• While Pacific Rim was was widely acclaimed by fans of mecha and kaiju, some did criticize it for what was perceived as it taking excessive inspiration from Neon Genesis Evangelion. This mostly died out due to the fact that this inspiration was mostly used as homage, alongside references and homages to numerous other mecha anime and kaiju movies. The sequel Pacific Rim: Uprising, however, rested a bit more excessively on Evangelion: not only was its plot a multi-level mixture of the arcs of Bardiel, the Jet Alone, the Mass Produced EVA, and Ritsuko's brief rebellion, but its climax reveals that the Kaijus were trying to reach Tokyo to cause a disaster that would terminate humanity, just like the Third Impact plot point, a reveal that notably contradicts their established behavior in the previous film.
  • One of the most common critiques of The Phantom of the Opera (2004) was the reveal of the Phantom's true face, which many found laughable due to the apparent Informed Deformity, comparing his freakish birth defect to a bad sunburn or possibly an allergic reaction. In truth, adaptations of the story had been giving him some level of Adaptational Attractiveness for a while (even Lon Chaney, generally seen as the standard for an "ugly" Phantom, wasn't quite as nightmarish as the character described in the book), and it was often remarked by fans that he seemed to be getting Progressively Prettier. The Broadway musical upon which the film is based also put a pretty hard cap on how deformed the Phantom could be. The iconic "half mask" (originally designed to not get in the way of the microphone) meant that at most, only about a third of the Phantom's face could be deformed, and that's before you take stage makeup budgets into account. The 2004 film was just the breaking point, because not only does The Reveal have a ton of buildup in-story, even featuring wild Dutch angles when it kicks in properly, but considering that this was a big Hollywood blockbuster, there was really no reason to not go all-out and give him a properly hideous face, especially when this would likely be many people's first exposure to the character—and they were treated to arguably the least terrifying Phantom in cinema history.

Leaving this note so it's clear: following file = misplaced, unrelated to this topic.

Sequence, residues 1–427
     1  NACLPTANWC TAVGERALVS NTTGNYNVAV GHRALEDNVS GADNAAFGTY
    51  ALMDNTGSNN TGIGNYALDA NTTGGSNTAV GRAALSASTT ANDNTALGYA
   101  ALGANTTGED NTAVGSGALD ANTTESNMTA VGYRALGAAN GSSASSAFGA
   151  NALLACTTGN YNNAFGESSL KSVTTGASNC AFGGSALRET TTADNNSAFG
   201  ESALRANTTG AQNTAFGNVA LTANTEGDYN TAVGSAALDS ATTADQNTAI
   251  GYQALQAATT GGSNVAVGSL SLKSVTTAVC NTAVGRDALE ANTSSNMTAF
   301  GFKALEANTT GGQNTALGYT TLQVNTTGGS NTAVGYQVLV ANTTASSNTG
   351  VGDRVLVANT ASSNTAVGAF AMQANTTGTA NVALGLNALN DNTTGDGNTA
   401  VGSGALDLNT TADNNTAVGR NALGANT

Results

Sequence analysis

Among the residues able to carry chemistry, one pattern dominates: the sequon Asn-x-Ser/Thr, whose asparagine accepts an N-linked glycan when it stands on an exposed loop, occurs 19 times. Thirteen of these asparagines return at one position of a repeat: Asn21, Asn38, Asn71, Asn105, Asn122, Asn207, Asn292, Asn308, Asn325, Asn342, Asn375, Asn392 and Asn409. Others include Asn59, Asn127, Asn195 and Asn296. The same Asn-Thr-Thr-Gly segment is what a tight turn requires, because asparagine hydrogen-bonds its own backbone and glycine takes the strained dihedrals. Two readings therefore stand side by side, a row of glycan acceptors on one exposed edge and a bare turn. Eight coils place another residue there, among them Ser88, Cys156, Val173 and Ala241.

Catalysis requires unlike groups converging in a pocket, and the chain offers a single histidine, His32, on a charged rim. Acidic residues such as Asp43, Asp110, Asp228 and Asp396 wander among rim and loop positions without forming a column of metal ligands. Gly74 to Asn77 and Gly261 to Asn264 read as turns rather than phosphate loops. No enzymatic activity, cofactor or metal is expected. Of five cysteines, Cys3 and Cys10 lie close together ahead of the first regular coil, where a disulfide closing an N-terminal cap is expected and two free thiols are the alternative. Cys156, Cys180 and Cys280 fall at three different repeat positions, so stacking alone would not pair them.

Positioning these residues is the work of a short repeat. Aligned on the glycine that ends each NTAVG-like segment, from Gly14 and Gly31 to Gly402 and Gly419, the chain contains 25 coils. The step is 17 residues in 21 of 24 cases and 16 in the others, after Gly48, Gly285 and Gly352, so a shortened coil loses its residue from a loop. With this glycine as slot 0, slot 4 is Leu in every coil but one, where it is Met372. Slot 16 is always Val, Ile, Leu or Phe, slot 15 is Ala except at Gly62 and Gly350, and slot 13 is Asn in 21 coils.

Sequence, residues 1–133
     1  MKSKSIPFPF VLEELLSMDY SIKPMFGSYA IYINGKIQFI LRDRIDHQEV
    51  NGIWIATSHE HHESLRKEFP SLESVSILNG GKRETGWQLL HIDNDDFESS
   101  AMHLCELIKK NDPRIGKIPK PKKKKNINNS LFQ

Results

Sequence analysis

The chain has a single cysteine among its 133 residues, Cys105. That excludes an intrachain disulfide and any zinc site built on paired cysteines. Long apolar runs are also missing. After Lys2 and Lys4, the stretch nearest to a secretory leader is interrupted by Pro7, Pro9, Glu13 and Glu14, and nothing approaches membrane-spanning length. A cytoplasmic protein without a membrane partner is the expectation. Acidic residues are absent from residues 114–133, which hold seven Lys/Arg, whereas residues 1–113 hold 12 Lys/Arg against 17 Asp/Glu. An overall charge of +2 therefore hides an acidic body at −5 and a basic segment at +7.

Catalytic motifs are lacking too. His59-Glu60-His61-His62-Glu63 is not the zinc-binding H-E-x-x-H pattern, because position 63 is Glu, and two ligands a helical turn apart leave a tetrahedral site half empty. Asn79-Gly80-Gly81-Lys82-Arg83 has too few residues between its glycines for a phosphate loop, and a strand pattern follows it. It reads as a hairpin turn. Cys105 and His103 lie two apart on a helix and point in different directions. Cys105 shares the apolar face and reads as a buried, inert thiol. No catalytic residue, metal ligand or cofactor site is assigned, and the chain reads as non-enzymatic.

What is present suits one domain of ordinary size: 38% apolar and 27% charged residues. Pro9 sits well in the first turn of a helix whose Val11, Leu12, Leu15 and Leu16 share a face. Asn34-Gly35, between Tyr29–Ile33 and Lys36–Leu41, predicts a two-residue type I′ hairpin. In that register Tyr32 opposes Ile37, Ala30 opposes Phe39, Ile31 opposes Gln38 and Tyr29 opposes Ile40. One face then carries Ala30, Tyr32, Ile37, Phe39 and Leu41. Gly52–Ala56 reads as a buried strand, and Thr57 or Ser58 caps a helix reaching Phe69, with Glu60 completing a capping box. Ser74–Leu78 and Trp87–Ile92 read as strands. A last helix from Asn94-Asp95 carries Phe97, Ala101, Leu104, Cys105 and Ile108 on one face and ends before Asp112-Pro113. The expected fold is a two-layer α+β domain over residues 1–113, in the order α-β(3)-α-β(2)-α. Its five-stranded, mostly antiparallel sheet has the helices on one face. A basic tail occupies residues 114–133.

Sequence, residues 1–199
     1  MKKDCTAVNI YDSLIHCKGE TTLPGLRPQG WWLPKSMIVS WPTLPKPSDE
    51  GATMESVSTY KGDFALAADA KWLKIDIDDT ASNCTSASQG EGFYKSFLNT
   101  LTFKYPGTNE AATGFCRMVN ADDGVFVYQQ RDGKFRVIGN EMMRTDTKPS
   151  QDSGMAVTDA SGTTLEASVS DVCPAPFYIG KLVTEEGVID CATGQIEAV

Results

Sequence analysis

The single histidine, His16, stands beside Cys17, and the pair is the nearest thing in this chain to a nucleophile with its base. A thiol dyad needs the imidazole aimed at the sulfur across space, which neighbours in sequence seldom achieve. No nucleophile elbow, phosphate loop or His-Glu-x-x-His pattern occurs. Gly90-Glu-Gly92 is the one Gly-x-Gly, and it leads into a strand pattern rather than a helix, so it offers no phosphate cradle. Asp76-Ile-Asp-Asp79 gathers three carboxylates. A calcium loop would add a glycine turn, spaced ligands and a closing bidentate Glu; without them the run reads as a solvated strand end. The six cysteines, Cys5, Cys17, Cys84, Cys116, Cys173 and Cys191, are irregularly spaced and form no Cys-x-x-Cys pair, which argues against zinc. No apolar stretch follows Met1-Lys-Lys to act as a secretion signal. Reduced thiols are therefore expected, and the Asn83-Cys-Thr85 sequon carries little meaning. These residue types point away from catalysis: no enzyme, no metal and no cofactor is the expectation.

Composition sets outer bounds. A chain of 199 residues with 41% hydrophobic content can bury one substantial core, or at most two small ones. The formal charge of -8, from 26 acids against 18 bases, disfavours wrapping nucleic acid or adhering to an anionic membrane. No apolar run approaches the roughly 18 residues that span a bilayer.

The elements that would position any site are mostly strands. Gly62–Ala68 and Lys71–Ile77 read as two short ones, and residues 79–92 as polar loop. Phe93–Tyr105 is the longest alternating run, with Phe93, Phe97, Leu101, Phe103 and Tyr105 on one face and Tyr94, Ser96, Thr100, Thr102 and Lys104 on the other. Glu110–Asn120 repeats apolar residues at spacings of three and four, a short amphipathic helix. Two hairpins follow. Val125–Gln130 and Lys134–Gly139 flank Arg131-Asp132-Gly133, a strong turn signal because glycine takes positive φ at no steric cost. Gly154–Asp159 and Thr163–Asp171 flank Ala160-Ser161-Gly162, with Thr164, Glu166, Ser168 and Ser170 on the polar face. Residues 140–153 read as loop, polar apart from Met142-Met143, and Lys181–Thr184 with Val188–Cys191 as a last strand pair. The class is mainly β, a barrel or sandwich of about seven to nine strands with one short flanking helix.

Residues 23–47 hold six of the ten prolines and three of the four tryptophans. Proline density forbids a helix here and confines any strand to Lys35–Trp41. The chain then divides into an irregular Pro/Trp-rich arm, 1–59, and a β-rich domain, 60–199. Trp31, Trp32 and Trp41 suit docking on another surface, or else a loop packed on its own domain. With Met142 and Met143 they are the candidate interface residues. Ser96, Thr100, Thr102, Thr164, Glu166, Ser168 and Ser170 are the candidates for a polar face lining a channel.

• While the final three The Pink Panther movies (not counting the 2006 remake and its sequel) are frequently criticized for their reliance on questionably funny Running Gags, outdated racial stereotypes, and over-the-top humor more suited to the Pink Panther cartoons than their live-action cousins. In actual fact, most of these began during 1978's Revenge of the Pink Panther, the last one generally regarded as being any good. As to why Revenge works and most of the subsequent ones didn't, most fans have one simple answer: Peter Sellers was still alive.
  • Pirates of the Caribbean: The Curse of the Black Pearl featured elements that hurt the sequels: Jack Sparrow stealing the show from Will and Elizabeth, the nominal leads; characters (well, Jack and Barbossa) double-crossing each other; a balance of light-hearted comedy and serious action and drama; a climax that even many fans felt lasted a few beats too long. In Black Pearl, these elements were well-integrated and added to the appeal. For Dead Man's Chest and especially At World's End, these elements were cranked Up to Eleven as the tone degenerated to full-on Mood Whiplash (say, juxtaposing Jack's slapstick antics with mass hangings and Davy Jones's undead crew), every character developed Chronic Backstabbing Disorder and the plot amounted to a colossal Gambit Pile Up that left many viewers without anyone to root for. Pirates of the Caribbean: On Stranger Tides fixed the problem by embracing it, and reworking the franchise to focus on the pirates instead: Without an ostensibly clean-cut protagonist like Will or Elizabeth, the film could maintain a more consistent mood and characterization, and the backstabbing seemed much less obnoxious when the film was about Black-and-Gray Morality from the very beginning.